Wreckreation? Livelihood, Labor, Work, Play, and the Environment in the Rural American WestIndustry, based on landscape, has been foundational to the American West’s cultural and ideological underpinnings. The extraction and outdoor recreation industries are two of these core industries, both reliant on the vast public lands and natural resources of the West. For her Master’s thesis, Mara is exploring community change within the context of transition from extractive natural resource use to the “non-extractive” natural resource use of the outdoor recreation industy. Read more here.
Energy Use and Access on the Hopi ReservationDelaney is working with the Hopi Utility Authority to better understand electricity and energy use on the Hopi Reservation. Her research examines energy burden, both in its monetary manifestations as-well as its emotional and temporal manifestations. Through semi-structured interviews she is determining the current energy paradigm and use patterns of households and sentiments regarding electricity. Her research is focused on understand household energy burdens holistically as well as residents’ perceptions and preferences regarding electrification. Read more here.
Impact of Climate Change on Plant Community Composition in Western Wyoming and Implications for Wildlife MigrationIncreasing temperature and changing precipitation patterns with climate change will have substantial impacts on plant communities, particularly in water-limited drylands. In western Wyoming, these climatic variables could result in a shift in plant community composition from cool season (C3) species to warm season (C4) species. Altered resource-level dynamics have the potential to then make changes to wildlife behavior, and migrating ungulates tracking spring green-up through the region could be particularly susceptible. Read more here.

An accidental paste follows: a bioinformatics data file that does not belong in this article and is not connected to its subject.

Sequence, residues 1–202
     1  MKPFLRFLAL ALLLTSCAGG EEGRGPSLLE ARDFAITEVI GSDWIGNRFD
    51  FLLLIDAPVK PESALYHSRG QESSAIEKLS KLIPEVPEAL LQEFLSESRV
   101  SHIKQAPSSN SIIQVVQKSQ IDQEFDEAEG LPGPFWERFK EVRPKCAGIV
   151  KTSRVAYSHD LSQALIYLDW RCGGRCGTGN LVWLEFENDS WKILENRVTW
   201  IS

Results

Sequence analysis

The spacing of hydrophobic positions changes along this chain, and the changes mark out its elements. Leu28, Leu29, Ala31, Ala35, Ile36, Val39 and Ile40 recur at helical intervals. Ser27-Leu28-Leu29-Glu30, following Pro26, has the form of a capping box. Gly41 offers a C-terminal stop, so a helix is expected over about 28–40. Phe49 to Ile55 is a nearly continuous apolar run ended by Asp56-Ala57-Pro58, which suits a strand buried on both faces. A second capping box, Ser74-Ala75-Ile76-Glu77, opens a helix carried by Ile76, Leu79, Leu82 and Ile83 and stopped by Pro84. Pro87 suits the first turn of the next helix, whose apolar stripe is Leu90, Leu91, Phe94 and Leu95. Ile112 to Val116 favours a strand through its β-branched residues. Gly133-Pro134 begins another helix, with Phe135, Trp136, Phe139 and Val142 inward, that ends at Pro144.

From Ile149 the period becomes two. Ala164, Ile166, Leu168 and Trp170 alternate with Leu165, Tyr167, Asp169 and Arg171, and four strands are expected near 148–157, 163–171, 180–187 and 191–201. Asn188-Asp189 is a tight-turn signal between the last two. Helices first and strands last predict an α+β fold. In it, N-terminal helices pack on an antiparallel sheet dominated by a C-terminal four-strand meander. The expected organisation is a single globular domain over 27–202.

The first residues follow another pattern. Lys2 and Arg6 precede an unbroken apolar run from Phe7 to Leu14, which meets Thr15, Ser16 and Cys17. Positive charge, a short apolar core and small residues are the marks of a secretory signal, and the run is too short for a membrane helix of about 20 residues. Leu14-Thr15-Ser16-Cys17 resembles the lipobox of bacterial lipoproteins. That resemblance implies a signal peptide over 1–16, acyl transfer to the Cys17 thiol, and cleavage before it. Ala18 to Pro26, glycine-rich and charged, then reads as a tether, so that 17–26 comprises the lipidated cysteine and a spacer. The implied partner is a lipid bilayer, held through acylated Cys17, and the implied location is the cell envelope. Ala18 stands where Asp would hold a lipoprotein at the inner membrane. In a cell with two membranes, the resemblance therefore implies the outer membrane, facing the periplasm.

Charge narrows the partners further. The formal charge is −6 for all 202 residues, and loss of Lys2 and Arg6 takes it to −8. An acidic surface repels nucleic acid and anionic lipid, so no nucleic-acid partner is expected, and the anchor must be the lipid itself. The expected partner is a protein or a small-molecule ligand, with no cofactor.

Investigating Shrub-Grass Interactions in Big Sagebrush Ecosystems Across the WestIn temperate drylands, the amount and timing of precipitation interacts with soil texture to determine patterns of seasonal soil water availability at different soil depths. The coexistence of grasses and woody plants in these ecosystems has been attributed to partitioning of soil water resources, with grasses relying on resources in shallow soils, while woody plants rely on those in deeper soils. Yet, in ecosystems where grasses and woody plants coexist—such as big sagebrush (Artemisia tridentata Nutt.) ecosystems in western North America—the consequences of soil water resource partitioning on competition remains unresolved. Read more here.
Elevating Native Led Bison Restoration Stories on the Great PlainsRoss is partnering with Tanka Fund, a Native led non-profit on the Pine Ridge Indian Reservation in South Dakota. Tanka Fund’s mission is to return bison to native land, lives, and economies across North America. Ross is providing support to the Tanka Fund through the creation of a promotional storytelling campaign that highlighs Indigenous bison caretakers and the importance of their work to ecosystems and local communities. Read more here.
Clay, Silt, Sand, and Data: Revealing Soil Organic Carbon on Native LandsRaffa is supporting Indigenous data-empowerment efforts by researching how Tribal Nations may engage with soil carbon markets, which offer compensation to land managers who build up Soil Carbon on their land through regenerative rangeland practices or agriculture. He will be working with Aude Chesnais (Native Land Information Systems), Dr. Justin Farrell (Yale), and Dr. Kyle Whyte (Univ of Michigan) to analyze soil carbon on Native land across the West, and how carbon stock may change in the future with altered land management strategies. Read more here.